An evaluation of the experiences of the hidden curriculum of Black and minority ethnic undergraduate health and social care students at a London university

Webb, Justin, Arthur, Ryan, McFairlane-Edmond, Pansy, Burns, Tom and Warren, Digby (2021) An evaluation of the experiences of the hidden curriculum of Black and minority ethnic undergraduate health and social care students at a London university. Journal of Further and Higher Education. pp. 1-15. ISSN 1469-9486 (In Press)

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Official URL: https://doi.org/10.1080/0309877X.2021.1915967

Abstract / Description

Black and minority ethnic (BME) students are less likely to achieve a first or upper-class second degree than White students. This evaluation investigated the experiences of BME Health and Social Care students at a London university of the hidden curriculum, thematically analysed through a critical race lens. Four overarching themes were identified, (1) super-visible ethnicity, (2) the negative depiction of BME lived experiences, (3) self-depreciation and self-confidence and (4) separation. Recommendations at an institution-level are made in the areas of staff diversity, language support, student registration experiences and canteen costs. Recommendations at a course-level are made in the areas of co-creation of the curriculum, student belonging, academic and literacy skill development. The recommendations are underpinned by a critical pedagogy, including culturally sensitive teaching strategies and the development of meaningful staff-student partnerships. The recommendations made may be applicable to other Higher Education Institutions with a diverse student cohort where the attainment gap is prevalent.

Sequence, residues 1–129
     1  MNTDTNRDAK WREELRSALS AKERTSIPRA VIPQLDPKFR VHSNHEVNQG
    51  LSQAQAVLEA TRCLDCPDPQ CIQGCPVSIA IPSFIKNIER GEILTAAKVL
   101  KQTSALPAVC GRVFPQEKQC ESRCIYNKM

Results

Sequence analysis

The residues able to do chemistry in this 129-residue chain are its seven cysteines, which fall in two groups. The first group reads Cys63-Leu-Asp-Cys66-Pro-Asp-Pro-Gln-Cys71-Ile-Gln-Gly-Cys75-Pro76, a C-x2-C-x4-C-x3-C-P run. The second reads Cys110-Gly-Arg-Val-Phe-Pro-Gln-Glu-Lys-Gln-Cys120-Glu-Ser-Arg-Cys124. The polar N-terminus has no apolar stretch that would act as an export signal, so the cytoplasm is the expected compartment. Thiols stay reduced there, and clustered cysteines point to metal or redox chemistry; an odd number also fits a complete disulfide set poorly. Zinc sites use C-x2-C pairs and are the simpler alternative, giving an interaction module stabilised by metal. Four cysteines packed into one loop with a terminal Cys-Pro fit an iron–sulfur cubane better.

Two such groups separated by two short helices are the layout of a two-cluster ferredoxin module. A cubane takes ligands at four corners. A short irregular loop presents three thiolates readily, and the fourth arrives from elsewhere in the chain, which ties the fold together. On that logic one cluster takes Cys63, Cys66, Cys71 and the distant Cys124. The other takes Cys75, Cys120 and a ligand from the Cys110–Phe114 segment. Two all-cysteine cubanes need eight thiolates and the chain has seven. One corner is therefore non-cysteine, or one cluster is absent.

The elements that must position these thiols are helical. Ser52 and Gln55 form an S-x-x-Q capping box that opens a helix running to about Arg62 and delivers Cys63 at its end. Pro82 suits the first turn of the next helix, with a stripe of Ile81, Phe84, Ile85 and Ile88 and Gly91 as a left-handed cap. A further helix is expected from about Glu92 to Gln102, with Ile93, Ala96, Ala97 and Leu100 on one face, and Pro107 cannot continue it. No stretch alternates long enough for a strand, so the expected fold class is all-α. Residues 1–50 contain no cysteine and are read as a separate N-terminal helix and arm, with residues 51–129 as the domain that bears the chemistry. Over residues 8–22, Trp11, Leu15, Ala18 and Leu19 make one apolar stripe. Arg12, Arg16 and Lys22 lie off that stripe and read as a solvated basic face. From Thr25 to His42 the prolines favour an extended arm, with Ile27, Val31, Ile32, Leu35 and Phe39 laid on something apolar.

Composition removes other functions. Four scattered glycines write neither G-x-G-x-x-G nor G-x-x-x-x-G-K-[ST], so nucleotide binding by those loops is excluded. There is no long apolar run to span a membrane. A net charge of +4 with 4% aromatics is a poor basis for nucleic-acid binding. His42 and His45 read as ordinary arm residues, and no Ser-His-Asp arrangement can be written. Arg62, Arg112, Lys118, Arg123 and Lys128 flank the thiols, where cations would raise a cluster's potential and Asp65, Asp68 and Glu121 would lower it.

Item Type: Article
Uncontrolled Keywords: qualitative; attainment gap; education; critical pedagogy; inclusion; diversity; BME
Subjects: 300 Social sciences > 370 Education
Department: School of Social Professions
Centre for Professional Education and Development (CPED)
Depositing User: Justin Webb
Date Deposited: 13 May 2021 09:51
Last Modified: 28 May 2021 09:34
URI: http://repository.londonmet.ac.uk/id/eprint/6637

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